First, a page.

In a firs-ever report compiling both state and national lung cancer statistics, the American Lung Association ranked Wisconsin high in lung cancer survival rates, but low in access to cancer screening centers compared to other states.
The “State of Lung Cancer” report outlines the toll of lung cancer across 50 states and the District of Columbia and provides information for state policymakers on where to focus their efforts to better protect their residents from lung cancer and improve treatment options.
Policymakers must take more action to save the lives of Americans, Executive Vice President of the American Lung Association, Upper Midwest region Lew Bartfield said in an email to The Badger Herald.
“There will be more than 4,400 people in Wisconsin diagnosed with lung cancer and 3,000 will succumb to the deadly disease in 2018,” Bartfield said.
According to the report, the five-year lung cancer survival rate in Wisconsin is in the top 50 percent of states that compile survival statistics, with 19.9 percent of lung cancer patients surviving.
Lung cancer is more easily curable if the tumor is removed and Wisconsin ranked ninth in the nation for surgical treatment of cancerous tumors as part of the first course of treatment, the report said.
Lung cancer is five times more likely to be curable when it is diagnosed in its early stages before spreading. But Wisconsin ranks 41st of 50 states and the District of Columbia in cancer screening centers, with 2.9 centers per one million people, the report said.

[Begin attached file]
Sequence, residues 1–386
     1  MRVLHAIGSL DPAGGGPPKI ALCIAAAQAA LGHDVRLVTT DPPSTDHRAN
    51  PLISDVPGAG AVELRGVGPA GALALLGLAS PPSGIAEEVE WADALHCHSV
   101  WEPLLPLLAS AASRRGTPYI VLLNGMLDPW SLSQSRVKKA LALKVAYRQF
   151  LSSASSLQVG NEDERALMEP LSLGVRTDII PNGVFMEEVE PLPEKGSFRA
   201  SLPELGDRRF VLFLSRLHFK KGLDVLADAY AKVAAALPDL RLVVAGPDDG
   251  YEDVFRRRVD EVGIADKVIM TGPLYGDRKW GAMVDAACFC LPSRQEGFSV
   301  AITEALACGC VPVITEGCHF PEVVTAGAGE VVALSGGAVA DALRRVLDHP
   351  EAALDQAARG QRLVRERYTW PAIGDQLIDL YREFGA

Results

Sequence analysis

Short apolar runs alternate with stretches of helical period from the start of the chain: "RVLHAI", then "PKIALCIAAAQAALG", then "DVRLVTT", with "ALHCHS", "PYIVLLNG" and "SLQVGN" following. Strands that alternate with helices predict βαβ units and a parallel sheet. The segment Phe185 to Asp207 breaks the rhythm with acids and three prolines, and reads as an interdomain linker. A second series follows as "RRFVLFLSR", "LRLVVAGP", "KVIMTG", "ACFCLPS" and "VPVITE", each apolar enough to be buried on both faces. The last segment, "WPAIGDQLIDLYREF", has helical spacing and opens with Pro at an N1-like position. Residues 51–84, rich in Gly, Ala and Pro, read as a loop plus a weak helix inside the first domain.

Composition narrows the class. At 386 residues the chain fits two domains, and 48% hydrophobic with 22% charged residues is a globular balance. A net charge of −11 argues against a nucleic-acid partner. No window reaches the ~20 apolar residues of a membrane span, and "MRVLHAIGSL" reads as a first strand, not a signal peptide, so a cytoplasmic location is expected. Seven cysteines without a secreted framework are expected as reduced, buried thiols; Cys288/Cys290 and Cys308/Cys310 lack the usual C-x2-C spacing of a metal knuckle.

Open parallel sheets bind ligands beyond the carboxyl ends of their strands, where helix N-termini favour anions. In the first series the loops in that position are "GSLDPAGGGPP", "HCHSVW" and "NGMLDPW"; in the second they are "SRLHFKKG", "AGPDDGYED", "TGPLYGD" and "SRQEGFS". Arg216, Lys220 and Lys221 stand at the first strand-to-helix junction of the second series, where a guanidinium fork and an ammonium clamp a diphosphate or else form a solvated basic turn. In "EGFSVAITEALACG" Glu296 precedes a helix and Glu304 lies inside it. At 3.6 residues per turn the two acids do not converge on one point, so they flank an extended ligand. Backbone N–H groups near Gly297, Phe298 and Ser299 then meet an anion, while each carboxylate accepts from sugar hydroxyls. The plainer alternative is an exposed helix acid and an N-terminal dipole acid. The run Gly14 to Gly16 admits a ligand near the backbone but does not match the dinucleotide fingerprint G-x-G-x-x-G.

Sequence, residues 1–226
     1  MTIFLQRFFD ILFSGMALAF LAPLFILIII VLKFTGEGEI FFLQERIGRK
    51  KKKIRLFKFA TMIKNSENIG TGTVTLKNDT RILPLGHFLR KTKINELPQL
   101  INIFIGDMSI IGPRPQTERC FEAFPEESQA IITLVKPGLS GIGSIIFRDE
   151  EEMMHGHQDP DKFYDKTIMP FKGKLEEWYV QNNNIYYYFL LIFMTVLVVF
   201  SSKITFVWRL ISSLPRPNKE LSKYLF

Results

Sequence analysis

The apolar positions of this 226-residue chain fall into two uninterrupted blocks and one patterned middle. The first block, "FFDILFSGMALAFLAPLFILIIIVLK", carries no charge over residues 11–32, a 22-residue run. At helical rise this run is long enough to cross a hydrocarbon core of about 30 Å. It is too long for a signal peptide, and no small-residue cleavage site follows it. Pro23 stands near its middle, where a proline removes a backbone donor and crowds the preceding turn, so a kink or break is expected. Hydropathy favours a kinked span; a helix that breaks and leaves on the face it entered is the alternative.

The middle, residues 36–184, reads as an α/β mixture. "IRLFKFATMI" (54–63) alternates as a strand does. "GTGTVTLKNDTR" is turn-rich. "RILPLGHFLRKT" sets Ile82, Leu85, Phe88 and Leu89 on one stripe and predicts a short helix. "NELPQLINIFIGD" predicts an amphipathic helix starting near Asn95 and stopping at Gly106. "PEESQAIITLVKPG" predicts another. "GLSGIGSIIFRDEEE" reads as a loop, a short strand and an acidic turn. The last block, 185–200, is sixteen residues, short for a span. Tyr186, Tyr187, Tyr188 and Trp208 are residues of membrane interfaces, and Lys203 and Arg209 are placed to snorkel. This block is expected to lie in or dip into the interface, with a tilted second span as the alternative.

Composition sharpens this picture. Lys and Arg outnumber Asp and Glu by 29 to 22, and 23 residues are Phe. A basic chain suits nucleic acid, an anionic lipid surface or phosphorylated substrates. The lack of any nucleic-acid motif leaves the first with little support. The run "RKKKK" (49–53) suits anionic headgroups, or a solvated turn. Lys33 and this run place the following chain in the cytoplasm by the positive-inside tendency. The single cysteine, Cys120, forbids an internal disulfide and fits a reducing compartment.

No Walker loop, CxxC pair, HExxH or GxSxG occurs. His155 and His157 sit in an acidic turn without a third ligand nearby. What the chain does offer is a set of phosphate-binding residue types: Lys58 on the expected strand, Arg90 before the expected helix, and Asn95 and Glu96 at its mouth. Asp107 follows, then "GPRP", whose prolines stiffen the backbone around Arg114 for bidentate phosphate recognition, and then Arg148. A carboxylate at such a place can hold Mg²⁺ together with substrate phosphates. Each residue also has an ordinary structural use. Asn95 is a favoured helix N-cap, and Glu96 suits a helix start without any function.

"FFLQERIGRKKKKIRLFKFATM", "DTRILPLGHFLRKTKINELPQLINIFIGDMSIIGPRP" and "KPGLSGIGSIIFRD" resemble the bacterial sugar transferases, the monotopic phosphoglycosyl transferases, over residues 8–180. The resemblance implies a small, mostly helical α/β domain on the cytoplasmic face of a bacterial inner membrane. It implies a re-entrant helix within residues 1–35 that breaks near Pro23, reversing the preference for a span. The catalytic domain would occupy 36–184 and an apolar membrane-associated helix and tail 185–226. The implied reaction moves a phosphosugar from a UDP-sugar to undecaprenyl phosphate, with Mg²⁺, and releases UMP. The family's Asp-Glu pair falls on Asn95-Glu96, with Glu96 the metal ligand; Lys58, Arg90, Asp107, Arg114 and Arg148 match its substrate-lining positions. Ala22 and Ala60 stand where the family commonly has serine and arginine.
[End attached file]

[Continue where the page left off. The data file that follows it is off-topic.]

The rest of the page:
Despite a relative shortage of screening centers, doctors diagnose 18.7 percent of lung cancer cases in Wisconsin during an early stage — a figure close to the national average of 18.9 percent. Though the report said both these statistics are “unfortunate.”
Despite advancements in lung cancer treatments and preventative care, Bartfield said Wisconsin leaders must still do more to implement policies aimed at reducing the impact of lung cancer in their state.
In all 50 states, members of the American Lung Association LUNG FORCE, a movement uniting women in their fight against cancer, will call for an increase funding for the National Institutes of Health, the report said.
Margo Ford, a survivor of stage-four lung cancer from Milwaukee, will present the report’s findings to members of Congress on March 14 in Washington D.C.
“We need more voices in this fight against cancer, and I am proud to share my story and advocate on behalf of the millions of people that have been affected by lung cancer,” Ford said.